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Adapting to New Realities: Hernâni Borges and Nuno Milheiro speak to Soccer Hub

“In these days of uncertainty because of the pandemic situation, it’s good to have this kind of chat,” says Hernâni Borges.

The hour-long conversation that followed was conducted via video call, both speakers backlit by the glow of their computer screens. In an era characterised by unfamiliarity, adapting to new realities is the order of the day.

Even before the outbreak of COVID-19, Hernâni was grappling with the beast that is adjusting to a new way of life. A professional footballer for almost two decades, the 38-year-old has begun a new adventure as a coach – albeit one which has been temporarily suspended by the virus.

He was talking with scout and friend of Soccer Hub, Nuno Milheiro. Brought together by football, the pair have known each other for the majority of their professional lives. There was palpable warmth between the two men who are both passionate advocates of one of Soccer Hub’s fundamental philosophies: the sharing of knowledge.

“These days we see so many interviews where you don’t learn anything,” Nuno Laments. A progressive within the beautiful game, he believes collective growth within the sport is one of its greatest virtues: “conversations with people to bring things to football, they have my admiration.”

Hernâni feels the same. “I could give you a list of players that are playing in the Champions League – I tried to motivate them every day so that they don’t give up. And from that moment, I understood that maybe I have something more to give to football,” he remarks.

“A coach must be a man; he must be a father sometimes, must be a friend, not worried with the results, worried about making his players better.”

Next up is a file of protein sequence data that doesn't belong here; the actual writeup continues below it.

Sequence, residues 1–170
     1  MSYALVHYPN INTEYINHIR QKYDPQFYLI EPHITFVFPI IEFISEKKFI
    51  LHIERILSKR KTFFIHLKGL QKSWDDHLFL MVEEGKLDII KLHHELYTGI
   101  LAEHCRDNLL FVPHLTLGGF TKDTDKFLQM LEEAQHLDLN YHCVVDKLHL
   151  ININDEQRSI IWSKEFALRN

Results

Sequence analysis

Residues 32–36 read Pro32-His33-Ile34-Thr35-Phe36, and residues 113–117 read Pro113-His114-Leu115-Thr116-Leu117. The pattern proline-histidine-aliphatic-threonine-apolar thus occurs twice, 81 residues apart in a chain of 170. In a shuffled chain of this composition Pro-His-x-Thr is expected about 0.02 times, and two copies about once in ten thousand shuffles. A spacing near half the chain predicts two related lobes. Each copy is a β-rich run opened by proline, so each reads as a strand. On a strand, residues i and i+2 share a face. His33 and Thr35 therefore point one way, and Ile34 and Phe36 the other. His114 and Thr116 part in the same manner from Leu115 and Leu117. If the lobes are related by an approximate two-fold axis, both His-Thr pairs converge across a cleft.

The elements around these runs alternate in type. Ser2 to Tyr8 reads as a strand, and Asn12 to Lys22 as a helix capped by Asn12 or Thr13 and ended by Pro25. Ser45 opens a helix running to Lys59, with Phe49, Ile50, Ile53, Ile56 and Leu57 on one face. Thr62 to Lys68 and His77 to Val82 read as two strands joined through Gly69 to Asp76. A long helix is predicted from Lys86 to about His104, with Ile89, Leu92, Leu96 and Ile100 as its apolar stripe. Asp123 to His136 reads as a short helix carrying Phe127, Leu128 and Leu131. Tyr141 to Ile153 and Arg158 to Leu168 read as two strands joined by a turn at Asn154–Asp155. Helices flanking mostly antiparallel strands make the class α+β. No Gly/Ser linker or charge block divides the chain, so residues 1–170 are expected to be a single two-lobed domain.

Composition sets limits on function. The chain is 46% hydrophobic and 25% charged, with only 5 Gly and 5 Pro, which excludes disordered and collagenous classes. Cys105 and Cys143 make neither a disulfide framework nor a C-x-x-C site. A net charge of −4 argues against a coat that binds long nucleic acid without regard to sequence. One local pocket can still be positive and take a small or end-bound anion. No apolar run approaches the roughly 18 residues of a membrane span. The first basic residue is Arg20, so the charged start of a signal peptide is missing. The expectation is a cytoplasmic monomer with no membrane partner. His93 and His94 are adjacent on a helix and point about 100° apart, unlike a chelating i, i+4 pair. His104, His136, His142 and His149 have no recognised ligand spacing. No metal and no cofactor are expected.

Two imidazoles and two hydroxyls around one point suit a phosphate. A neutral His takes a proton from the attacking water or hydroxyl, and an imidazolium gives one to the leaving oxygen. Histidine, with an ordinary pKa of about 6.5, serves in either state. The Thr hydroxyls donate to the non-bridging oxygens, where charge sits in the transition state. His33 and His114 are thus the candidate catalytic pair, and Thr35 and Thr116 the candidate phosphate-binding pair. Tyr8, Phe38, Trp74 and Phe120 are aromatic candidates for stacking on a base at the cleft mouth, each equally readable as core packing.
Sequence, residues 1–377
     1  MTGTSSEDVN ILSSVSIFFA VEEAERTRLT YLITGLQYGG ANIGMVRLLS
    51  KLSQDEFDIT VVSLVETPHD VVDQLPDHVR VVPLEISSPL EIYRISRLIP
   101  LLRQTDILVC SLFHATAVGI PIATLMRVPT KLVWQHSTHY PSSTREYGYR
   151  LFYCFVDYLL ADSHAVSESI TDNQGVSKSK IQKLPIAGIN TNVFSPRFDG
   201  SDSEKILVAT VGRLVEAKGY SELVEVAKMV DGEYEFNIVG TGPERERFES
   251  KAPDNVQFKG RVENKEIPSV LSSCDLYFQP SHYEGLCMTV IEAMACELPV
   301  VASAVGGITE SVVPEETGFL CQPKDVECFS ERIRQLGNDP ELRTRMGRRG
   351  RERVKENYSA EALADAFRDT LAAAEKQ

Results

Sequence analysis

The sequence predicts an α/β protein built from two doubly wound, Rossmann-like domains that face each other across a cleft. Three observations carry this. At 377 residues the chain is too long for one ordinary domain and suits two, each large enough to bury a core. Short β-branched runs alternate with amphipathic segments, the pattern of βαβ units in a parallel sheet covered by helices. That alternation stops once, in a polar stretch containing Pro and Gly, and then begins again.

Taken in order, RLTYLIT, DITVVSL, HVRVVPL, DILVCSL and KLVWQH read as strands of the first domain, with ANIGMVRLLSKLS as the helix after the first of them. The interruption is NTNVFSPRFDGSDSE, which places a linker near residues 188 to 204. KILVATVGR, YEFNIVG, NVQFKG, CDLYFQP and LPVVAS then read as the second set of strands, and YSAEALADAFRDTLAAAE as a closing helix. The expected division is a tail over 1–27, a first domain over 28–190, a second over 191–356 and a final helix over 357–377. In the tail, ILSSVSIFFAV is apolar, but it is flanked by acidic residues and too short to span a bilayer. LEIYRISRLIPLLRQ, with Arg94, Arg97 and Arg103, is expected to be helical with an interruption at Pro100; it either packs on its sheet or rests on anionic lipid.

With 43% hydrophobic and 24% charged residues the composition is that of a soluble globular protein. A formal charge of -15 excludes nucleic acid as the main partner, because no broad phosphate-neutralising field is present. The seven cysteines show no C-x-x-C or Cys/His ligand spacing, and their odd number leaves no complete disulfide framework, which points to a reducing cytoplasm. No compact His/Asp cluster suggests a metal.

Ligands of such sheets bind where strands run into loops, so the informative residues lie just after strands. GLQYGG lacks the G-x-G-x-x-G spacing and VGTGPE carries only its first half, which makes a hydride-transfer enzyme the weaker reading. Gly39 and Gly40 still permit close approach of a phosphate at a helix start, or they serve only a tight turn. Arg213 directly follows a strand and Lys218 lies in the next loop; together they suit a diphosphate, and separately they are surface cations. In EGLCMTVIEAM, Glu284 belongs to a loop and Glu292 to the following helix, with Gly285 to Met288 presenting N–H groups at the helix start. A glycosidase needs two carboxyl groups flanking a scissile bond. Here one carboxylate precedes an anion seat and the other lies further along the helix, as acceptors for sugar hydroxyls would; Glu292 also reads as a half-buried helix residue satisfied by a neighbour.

“I will not leave the way of thinking that, for me to be a good coach, the players that start with me must leave much better than they started,” says Hernani, hungry to succeed and adapt to his new reality.

If Nuno’s glowing assessment of the journeyman centre-forward is anything to go off, his acclimation will be no trouble: “it’s people like you that, no matter what level they are, they bring something to football.” Nuno should know; he is a football obsessive with a wealth of scouting knowledge. Asked what the first thing a scout looks for in a player, his response is fascinating: “there is not one thing we look for first. It depends on the context. Let’s say we are scouts for a club. We first need to see the reality of the club: if we can get the player, if we cannot get the player. We need to see the philosophy of the club.”

“We need to provide to the manager/coach the ingredients to a good dish. We need to look for the players who are better for the system, for many things,” he continues, “even the way he does the warm-up, the way he plays when he is losing, the way he plays when he is winning.”

Nuno goes on to reveal that “there are some aspects in a player that are harder to train. For example, speed is hard to work but acceleration is easier.” Both attributes were possessed by his friend Hernâni in abundance. But towards the end of his career, the former Cape Verde international realised that the difference between a great player and an average one is from the neck up. “When you’re young, you think you know everything. Sometimes it’s very difficult to accept others’ opinion” he says, but “in football, intelligent players make the difference.”

“He [the intelligent player] can adapt to new realities,” he goes on to say. One player who has consistently proved himself capable of doing exactly that is Nuno and Hernâni’s compatriot, Cristiano Ronaldo. “To adapt to England was probably the biggest challenge because he didn’t know the language, it was a completely different place. The mentalities are different, the food is different, the training methods are different – he proved he can adapt,” he said before adding, with a glint in his eye, “about Messi, we don’t know yet.” A hint of Portuguese bias, perhaps, but also proof of Hernani’s commitment to .and reverence of adaptability.

In dark times, Nuno’s closing sentiments are uplifting: “there is still a space for us to be happy, and to do the things we like.” Keep on learning, and keep on sharing.

Find more at www.hub-soccer.com

A UK-based writer and philosophy graduate, Adam has penned millions of words on the history, tactics and culture of the beautiful game. He is a regular columnist for Soccer Hub and has covered football events all around the globe.

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